A graded return to exercise after any illness is always a good idea and from what we do know about Covid-19 there is certainly not a one size fits all approach.
The severity of the illness, your recovery rate, other co-morbiditiesand any residual breathlessness all need to be taken into consideration.
So what should you do to get back to exercising safely and where should you start?
Although you might feel anxious about meeting others or getting back to classes there are lots of precautions now in place to help you make that transition with more confidence, talking to your trainer about their new safety measures will help get you going and have a better understanding of what to expect.
From the start it’s important to get a thorough health screen so your trainer knows where and how to help you begin exercising again safely. This will help decide whether it’s safe for you to start back and what sort of a graded return would be appropriate for you. It also gives a good opportunity to benchmark your current state so that you can get a measure of your progress in the weeks to come.
Exercise tests can be used to measure your flexibility, your aerobic fitness and your muscular strength and endurance. Similarly to the health screen these tests are really useful to both measure your current fitness and help decide how to implement your individualised training plan.
‘Ready for Exercise’ means:
Asymptomatic for at least 7 days
Adequately screened and risk stratified (no signs or symptoms of long covid)
Motivated and psychologically ready to participate in exercise (no PTSD for example)
Any other pre-existing co-morbidities are under control and stable
If you still find that you are experiencing breathlessness it’s important to be able to quantify this and your trainer can help you do this using the Rate of Perceived Exertion (R.P.E or The Borg Scale) or Talk Test, another is the Visual Analogue Scale to help you understand and develop a self awareness of breathlessness. Your trainer can also help you with breathing coping strategies for when you need to get your breath back in a session or during your day at home – this will build your confidence and help you feel more in control.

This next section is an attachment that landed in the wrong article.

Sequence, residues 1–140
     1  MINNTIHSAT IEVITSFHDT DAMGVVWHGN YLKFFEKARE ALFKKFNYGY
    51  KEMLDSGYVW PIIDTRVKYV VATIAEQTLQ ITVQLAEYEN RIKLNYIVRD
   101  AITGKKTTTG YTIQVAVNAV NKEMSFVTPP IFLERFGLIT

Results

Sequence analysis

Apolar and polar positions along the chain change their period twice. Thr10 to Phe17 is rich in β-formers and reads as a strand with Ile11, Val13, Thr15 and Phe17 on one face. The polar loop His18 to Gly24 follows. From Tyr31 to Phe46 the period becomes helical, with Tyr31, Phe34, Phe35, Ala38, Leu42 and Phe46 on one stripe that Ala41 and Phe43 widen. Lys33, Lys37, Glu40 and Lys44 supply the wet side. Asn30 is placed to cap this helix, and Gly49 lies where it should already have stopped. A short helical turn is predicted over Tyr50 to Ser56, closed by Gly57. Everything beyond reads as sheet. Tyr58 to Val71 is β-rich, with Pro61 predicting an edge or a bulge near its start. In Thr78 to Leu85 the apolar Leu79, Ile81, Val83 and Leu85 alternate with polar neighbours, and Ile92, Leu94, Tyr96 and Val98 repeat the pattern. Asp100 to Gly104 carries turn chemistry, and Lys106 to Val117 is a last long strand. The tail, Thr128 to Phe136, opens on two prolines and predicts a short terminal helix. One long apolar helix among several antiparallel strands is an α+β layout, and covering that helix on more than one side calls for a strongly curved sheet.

Other considerations you might want to include in your training are longer, slower warm ups and cool downs to prepare your body more thoroughly for exercise. You might also try interval sessions (sub-maximal!) so that your can have active recovery rather between bouts of aerobic work to help you manage your oxygen requirements.
Lastly doing a little bit everyday and keeping a diary is a really helpful way to quantify your progress. Managing fatigue with adequate sleep, nutrition and rest is vital.
I have had an enlightening few weeks studying Munira Hundani’s new course ‘Diastasis Rectus Abdominus and the Postpartum Core’ which for me, presented a fascinating new framework for both assessment and exercise prescription of the post partum core.
Diastasis Rectus Abdominus (DRA) is a widening of the linea alba (the midline of the abdominal wall) experienced by women during and after pregnancy. Whilst it is normal to experience some degree of separation it should generally resolve naturally postnatally however in approximately 1/3 of women the excessive and prolonged widening prevails adding to a sense of disconnection and dysfunctionality .
Commonly the protocol for fitness instructors, like myself, for dealing with DRA is to present a long list of things to avoid to prevent further widening of ‘the gap’. These might include lifting heavy weights (e.g children), sit-ups, plank, boat pose (Navasana) jack knives, russian twists etc for fear of causing too much Intra Abdominal Pressure (IAP) and worse still increasing the gap. The assessment of the DRA would usually be conducted primarily in supine using a head lift protocol and exercise prescription would typically be progressed dependant on the inter recti distance (or width of the gap)